There have been these amazing things that lockdown has thrown up" says Becky. The Ukulele group has been having open mic nights online, so people that would be too intimidated to play in a pub, or might not be able to get down there have been able to join in. It's great, and my band met in a garden the other night - we are beginning to open up again."
They are both sat in these fabulous Oodies - fluffy calf length ponchos with fleecy linings and hoods. They look snuggly. I'm fighting the urge to squidgy up on the bench and get the benefit of one. Covid times eh?
They tell me about how they met at a Gay switchboard 25th anniversary gala.Jeremy, a friend
of Judes' (a company manager and chair of London Lesbian and Gay switchboard) told her that he had met the person she was going to end up with, and as they were talking to each other their friend was jumping up and down and pointing excitedly behind Becky. And here they are 23 years later. They met the same year my partner and I met "oooh it's a long time" says Jude lightly.
I ask how Judes dad is getting on. He lives up near Tynemouth and moved into sheltered accommodation last year
'He's great! Having a great time" says Jude, and then shows me pictures of the sea there.
"I miss the sea" I say "if I see it I have to go in " . "Lets go" says Jude. "Find a weekend you're free". I'm going to put that on the pile of intentions too.
Becky talks about how empty and beautiful the beaches are. They feel a million miles away at the moment.
As we natter away becky drops it in that they both had Covid in January. Jude has been tirelessly volunteering with the Oxford Food Hub and the food banks. They think thats where it came from - on one of the supermarket pick ups.
"It was awful, we were laid really low" I'm sorry that I didn't know. "We didn't have to go to hospital but it was close, it's the temperature that gets you. We were in bed for a week. Told the girls they had to provide for themselves, they ate their body weight in crisps with some cheese".
How are you feeling about coming out of lockdown? Becky is fired up, she has been writing a book entitled the Art of enough. she ignites into a whirlwind of how in her coaching role she finds people feeling like they are not good enough, that we are endlessly overwhelmed by complexities and demands. We need to remind the simple, create boundaries and be healthy within our limits. I love all this. "Caterpillars have an imaginal cell within them" she rallies" they carry it throughout their time as a caterpillar while they are eating everything ... never enough and never enough.... and then at certain point the cell kicks in, takes over and transforms them into a butterfly"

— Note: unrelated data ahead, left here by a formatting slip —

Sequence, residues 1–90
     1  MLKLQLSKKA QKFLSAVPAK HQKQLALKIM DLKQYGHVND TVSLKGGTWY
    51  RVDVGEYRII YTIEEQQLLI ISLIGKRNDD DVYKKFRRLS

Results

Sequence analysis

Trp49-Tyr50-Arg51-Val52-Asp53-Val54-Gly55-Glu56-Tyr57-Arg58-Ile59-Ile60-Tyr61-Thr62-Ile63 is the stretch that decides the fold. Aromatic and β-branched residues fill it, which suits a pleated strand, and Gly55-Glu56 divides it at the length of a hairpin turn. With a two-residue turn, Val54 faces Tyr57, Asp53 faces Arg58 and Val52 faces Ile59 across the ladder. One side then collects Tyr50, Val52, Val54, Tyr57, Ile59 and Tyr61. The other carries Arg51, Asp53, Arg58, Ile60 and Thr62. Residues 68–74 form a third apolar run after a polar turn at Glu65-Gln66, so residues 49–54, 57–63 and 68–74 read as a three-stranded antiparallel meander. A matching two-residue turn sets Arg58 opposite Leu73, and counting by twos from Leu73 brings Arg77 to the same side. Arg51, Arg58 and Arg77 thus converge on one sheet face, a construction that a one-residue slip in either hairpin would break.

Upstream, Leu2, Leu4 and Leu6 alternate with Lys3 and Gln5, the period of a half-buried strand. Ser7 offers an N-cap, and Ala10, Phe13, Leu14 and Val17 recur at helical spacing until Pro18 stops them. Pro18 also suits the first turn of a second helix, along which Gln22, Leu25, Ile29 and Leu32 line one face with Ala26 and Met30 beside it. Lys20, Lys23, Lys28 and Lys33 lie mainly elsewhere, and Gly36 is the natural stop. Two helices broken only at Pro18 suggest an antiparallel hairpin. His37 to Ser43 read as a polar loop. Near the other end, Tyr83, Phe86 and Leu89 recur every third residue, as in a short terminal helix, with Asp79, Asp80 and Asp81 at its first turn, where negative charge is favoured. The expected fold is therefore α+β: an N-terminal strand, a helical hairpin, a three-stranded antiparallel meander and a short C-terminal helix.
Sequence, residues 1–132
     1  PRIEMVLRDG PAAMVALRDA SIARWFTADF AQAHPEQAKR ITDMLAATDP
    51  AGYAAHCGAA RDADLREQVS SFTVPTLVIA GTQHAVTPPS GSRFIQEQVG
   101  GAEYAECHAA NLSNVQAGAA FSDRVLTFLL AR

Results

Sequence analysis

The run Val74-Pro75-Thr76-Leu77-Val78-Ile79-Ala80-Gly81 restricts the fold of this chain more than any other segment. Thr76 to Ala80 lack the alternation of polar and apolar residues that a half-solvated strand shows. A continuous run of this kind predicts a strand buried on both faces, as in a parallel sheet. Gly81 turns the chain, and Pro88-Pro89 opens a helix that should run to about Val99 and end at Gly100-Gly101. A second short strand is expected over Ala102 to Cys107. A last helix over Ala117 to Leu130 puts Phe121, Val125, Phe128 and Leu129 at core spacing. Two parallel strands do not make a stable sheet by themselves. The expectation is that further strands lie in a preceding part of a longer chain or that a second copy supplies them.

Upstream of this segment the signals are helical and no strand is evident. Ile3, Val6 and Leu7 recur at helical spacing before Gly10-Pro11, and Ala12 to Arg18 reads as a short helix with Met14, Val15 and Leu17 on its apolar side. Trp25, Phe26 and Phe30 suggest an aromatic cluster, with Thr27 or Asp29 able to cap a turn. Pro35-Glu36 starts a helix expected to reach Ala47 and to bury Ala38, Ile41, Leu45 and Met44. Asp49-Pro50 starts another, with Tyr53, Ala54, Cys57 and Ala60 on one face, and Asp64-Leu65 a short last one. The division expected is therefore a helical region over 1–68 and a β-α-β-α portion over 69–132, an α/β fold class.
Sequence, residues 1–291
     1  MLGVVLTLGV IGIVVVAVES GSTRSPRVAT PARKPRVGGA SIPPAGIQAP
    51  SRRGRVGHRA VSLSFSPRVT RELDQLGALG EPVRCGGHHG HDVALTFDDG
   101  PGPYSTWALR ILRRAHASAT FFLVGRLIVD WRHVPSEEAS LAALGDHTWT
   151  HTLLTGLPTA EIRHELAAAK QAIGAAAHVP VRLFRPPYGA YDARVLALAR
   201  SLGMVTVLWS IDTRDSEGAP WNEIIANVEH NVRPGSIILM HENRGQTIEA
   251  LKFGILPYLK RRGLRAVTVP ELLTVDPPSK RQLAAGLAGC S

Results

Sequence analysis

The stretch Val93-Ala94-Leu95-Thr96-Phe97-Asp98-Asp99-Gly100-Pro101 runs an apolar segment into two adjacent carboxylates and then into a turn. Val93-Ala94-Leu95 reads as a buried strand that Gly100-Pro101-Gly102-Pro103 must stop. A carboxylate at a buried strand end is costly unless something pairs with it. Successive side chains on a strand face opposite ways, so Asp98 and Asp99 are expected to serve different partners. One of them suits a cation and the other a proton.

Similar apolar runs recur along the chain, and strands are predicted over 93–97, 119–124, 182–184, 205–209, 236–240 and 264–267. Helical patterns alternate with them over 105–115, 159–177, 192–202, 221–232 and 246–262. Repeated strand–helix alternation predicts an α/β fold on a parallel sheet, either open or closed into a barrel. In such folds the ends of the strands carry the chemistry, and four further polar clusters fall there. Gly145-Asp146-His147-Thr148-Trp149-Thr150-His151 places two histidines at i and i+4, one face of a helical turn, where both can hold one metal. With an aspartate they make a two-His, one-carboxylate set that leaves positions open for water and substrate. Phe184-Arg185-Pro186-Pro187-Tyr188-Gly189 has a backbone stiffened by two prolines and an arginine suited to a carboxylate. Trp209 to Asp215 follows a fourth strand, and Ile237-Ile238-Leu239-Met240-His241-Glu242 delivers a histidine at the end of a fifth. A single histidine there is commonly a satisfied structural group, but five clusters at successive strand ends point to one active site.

Becky's book "The Art of Enough" will be published in the autumn. I'm amazed at the focused productivity of people.
It's lovely hanging out with these two, I feel comfortable in their company. They have moments and looks that couples have - intimating other understandings which I'm not privy to. I know why I feel comfortable, they are the least judgemental people. we talk gender and fluidity, Becky says that she always felt like she was a third sex - this feels familiar! "Me too, I wanted to be a boy - but not stop being a girl - but not really belonging to either" We laugh about tales of mistaken gender - me getting thrown out of the ladies toilets as a teenager by an old lady reprimanding me " You're too old to be in here sonny'' Becky, as a being called a 'young man' by the waiter at a family dinner and liking it and then insisting that everybody called her Pete after that. Jude recalls family members introducing her with etc tag line "she's a girl you know".
It has begun to snow, they have guests coming in a short while and panic about how they can remain outside and still warm enough. "The girls are really up on all the rules - they've been telling us that we can't have people inside" Good on the young people eh?
I'm packing up to leave when Jude reiterates - come on - lets go up north for a weekend.
Later on that afternoon, I feel a weight of sadness for the time we have missed. I'm a hermit but I've missed my friends - the people that I would normally have occasional but meaningful contact with. I text them to tell them this - "it's a tonic reconnecting" comes the reply. That's enough.
You can support this project and my community work here.
Any money received goes towards travel costs, production costs and artists time.
Becky would eat her bread with KD LANG or her band and would listen to You've got a Friend by Carole King
Jude would break bread with Maya Angelou and they would listen to "Aint got No - I got Life" by Nina Simone